Who wants to say that the Republican party, as it is now, does those things?

  3. Rafer Janders says:

    Republicans, like the rest of Americans, support nondiscrimination laws because most of us have gay family members, friends and co-workers and want to treat them as we would want to be treated

    This is a telling quote, as it illustrates the point that for a lot of conservatives, it only becomes possible to support civil rights when they, or someone they know personally, is discriminated against.

    For many of us, we don’t support nondiscrimination laws because of we have family members, friends and co-workers who would be affected — we support them because it’s the right thing for everyone, period, even if we or our own reap no personal benefit.

    It goes to the heart of what’s wrong with a lot of conservatives — the lack of imaginative empathy. They can’t just imagine themselves in someone else’s shoes. It’s good for them, I suppose, that they’ve come around on gay rights after discovering so many of the people they’re close to are gay — now if only they could discover that their family members are also unemployed minority women with a disability, and maybe they’ll come around on those issues too….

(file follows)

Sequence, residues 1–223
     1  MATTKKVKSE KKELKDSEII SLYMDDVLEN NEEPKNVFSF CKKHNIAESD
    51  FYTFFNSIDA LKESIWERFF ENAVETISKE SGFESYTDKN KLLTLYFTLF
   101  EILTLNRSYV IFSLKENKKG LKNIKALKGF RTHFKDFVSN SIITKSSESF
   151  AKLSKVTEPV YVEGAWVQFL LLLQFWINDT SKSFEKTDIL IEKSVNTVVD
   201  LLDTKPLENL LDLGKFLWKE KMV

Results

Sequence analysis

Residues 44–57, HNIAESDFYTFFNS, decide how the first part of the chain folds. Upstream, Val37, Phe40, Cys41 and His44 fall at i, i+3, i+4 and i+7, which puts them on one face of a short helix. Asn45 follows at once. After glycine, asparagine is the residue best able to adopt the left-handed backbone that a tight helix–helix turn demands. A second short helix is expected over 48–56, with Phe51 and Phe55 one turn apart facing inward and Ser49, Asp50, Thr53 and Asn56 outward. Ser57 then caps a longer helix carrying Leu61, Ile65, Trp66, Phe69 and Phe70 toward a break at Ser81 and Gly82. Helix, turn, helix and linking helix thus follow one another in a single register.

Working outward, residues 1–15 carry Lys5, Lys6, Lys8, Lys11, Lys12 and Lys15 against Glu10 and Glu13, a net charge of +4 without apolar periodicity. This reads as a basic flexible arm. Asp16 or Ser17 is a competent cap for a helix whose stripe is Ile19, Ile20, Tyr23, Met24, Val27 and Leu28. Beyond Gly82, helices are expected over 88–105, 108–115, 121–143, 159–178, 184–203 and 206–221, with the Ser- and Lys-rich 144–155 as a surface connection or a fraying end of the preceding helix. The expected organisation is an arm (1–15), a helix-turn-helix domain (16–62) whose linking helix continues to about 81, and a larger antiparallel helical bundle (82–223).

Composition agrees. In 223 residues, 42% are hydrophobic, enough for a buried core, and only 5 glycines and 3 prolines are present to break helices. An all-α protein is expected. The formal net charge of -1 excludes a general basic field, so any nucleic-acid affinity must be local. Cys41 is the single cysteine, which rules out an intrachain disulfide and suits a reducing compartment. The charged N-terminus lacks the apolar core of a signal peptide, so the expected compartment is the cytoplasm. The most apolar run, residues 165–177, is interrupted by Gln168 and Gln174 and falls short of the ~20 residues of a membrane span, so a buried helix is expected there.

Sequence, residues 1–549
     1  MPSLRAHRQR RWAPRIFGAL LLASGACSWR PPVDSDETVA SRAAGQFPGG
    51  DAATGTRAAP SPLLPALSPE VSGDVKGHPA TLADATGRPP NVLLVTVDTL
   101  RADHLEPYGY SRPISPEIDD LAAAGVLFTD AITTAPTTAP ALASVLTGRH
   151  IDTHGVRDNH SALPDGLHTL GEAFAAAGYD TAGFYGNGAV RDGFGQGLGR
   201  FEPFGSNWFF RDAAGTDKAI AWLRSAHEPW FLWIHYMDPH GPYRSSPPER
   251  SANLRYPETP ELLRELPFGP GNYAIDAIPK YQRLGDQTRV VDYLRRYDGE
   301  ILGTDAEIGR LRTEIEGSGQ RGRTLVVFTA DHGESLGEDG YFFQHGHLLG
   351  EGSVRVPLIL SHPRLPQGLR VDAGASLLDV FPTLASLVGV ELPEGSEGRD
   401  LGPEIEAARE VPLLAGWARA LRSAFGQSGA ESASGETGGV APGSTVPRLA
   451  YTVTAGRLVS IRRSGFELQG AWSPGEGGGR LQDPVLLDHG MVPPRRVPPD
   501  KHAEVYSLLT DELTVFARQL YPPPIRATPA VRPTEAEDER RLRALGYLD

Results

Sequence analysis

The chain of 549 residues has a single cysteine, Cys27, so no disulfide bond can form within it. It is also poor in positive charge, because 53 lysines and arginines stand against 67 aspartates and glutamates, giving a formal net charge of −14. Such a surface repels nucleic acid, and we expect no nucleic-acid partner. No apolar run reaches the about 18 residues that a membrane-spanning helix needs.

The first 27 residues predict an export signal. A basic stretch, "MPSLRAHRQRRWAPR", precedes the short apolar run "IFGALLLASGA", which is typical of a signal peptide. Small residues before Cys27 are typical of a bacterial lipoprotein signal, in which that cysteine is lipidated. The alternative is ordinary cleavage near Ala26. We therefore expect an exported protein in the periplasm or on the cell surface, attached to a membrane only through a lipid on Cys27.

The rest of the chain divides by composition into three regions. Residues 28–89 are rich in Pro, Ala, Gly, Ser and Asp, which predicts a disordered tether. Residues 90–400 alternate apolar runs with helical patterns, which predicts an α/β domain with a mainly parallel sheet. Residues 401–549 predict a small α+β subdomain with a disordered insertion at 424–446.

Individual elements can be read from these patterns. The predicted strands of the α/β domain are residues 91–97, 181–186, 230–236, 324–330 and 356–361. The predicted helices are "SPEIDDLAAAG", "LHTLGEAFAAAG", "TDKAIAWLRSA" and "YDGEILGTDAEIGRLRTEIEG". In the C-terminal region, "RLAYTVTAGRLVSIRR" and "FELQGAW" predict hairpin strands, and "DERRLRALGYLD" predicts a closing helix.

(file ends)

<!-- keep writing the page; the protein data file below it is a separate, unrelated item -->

4. sam says:

    Ha! I just found out where James P. is posting from. See, The Agency.

  5. C. Clavin says:

    @James P:
    Dude…your comments are getting deleted because you have been banned from this website.
    So I’m curious…what kind of perverse pleasure do you get from being a troll? Please explain before you disappear again.

  6. Franklin says: